Interesting post! I think the picture identification feature you mentioned would be a great way to leverage their image recognition software, but I do agree that this would be more of a long-term goal given the complexities that would arise. To respond to your question, I do think Pinterest users provide a better advertising opportunity for companies. Whenever users are planning a major decision, including how to design their wedding or how to furnish their house, Pinterest is often the first place they go for inspiration. I’m not sure if Pinterest currently does this, but if there was a specific search dedicated to pictures of items available for purchase, as oppose to just regular images, I believe this could be a lucrative monetization strategy. I could see it being more of a visual version of Amazon. Since many users would pin an item and them purchase it when they need it, it would be a great way for advertisers to gauge demand for specific products.
I completely agree. Many business strategists believe that the second mover is actually most likely to succeed in very innovative industries with relatively low switching costs. Valve could create more barriers to entry by creating a large game library with Steam.
Great post Everett! I completely agree that Nvidia should avoid building its own cloud offering. I also agree that Nvidia shouldn’t forget about the gaming industry, especially with the rise of virtual reality and longer console lifecycles which would increase the appeal of Nvidia’s offering. I’m not sure if Nvidia’s video game offering currently targets gaming consoles as well but that could be an attractive market. Given the question you raise about hosing business data, I wonder if there would be a way for Nvidia to focus solely on the hardware, allowing another player to worry about convincing businesses to relinquish some control over their data. Additionally, by moving to software I worry that Nvidia would stray too far away from its core competency.
A really interesting piece on Alexa. While initially pessimistic about the future of voice shopping, I do think there are a number of features that can address customer pain points when it comes to voice shopping. One could be a feature where the AI behind Alexa could identify the most consistent themes across reviews of the product and list them out to the user. This, combined with Amazon’s 30 day return policy, could be a useful offering for consumers, especially with lower cost purchases. With regards to the first question you raised, I believe it is important for the voice shopping experience to be as consistent as possible across all merchants. Any differences would frustrate users, especially given Alexa’s limited ability to respond to a user’s questions if any confusion arises.
I really enjoyed your post! I recently went to Disney World on a family trip and bought one of these magic bands. It actually syncs to a Disney World app which allows the company to collect even more data on what you do, even after you take off the band (which touches on the question JP raised). With regards to the questions you raised, I think content creation across TV and movies drives the demand for the parks and not the other way around. Additionally, I don’t believe park visitors would be a representative sample of Disney’s consumers, especially since many of Disney’s largest movies are not targeted towards children. I believe these factors are the main issues that would stand in the way of focusing too much on data collected from parks to inform the company’s broader decisions.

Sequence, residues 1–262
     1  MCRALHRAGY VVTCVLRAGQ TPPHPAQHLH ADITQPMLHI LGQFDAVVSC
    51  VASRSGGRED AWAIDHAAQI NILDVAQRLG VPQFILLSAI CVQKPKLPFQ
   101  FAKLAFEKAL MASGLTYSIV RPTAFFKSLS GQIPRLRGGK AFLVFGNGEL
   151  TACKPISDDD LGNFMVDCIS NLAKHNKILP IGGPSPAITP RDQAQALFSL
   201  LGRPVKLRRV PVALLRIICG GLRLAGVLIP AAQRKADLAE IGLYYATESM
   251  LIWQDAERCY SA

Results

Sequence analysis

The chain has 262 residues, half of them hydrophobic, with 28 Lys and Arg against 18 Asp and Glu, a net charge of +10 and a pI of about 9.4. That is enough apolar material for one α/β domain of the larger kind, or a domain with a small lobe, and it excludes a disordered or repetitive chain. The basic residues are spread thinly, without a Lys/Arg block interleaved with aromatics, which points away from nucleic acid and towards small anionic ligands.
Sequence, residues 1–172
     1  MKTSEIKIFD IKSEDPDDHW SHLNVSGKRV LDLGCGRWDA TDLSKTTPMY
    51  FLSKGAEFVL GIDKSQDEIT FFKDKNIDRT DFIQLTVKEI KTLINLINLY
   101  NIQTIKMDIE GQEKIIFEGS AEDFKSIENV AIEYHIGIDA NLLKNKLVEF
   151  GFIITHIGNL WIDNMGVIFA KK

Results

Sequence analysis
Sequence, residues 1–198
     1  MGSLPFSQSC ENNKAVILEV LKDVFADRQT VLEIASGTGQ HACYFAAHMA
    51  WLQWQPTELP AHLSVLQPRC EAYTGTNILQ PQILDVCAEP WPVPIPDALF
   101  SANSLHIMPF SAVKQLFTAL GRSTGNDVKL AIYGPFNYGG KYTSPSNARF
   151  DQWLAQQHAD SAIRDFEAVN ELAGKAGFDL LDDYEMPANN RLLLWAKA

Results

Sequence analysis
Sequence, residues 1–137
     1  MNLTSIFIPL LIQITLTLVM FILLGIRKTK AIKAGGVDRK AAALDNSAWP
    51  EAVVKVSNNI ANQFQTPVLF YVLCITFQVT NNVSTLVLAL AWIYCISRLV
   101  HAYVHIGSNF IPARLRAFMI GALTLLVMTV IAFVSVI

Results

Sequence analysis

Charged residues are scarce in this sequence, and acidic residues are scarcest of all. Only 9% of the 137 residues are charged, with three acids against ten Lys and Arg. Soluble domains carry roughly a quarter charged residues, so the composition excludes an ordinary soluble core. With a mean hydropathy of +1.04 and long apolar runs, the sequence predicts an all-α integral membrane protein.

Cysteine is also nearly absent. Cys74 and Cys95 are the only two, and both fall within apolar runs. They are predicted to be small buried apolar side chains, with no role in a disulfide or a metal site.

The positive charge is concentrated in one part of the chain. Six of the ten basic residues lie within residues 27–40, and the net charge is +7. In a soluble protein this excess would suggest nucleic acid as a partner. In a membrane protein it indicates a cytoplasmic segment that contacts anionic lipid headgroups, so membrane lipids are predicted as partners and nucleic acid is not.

Great article Danielle! I think you pose interesting questions which I’d like to answer by focusing on investing organizations. Some concerns investing organizations may have about depending on AI for their investment strategies is that once AI becomes mainstream, the strategies generated by different algorithms, and hence different firms, may be similar. This would decrease the returns of any one institution because over the long-run AI would theoretically increase market efficiencies decreasing opportunities for excess returns. A more dire consequence of this dependence on AI is that if all institutions are following similar strategies, it may increase the cyclicality of business cycles as a majority of firms would buy at the same time, leading to an increases in prices, and subsequently sell at the same time, leading to a crash.
Great article! It’s really interesting to see how this system could be implemented in the future. To answer your question, I don’t think it would be just to rely solely on a computer, especially in the near term, given how each case is unique. I also believe that the grounds for an appeal would increase when an algorithm is used for sentencing, since in the near term there will be a significant chance of an error. I think this could function more as a tool for a police officer or judge rather than the sole sentencing mechanism. Additionally, it would be useful to track the differences in the sentences given by the officer and the algorithm as a way to identify any potential biases.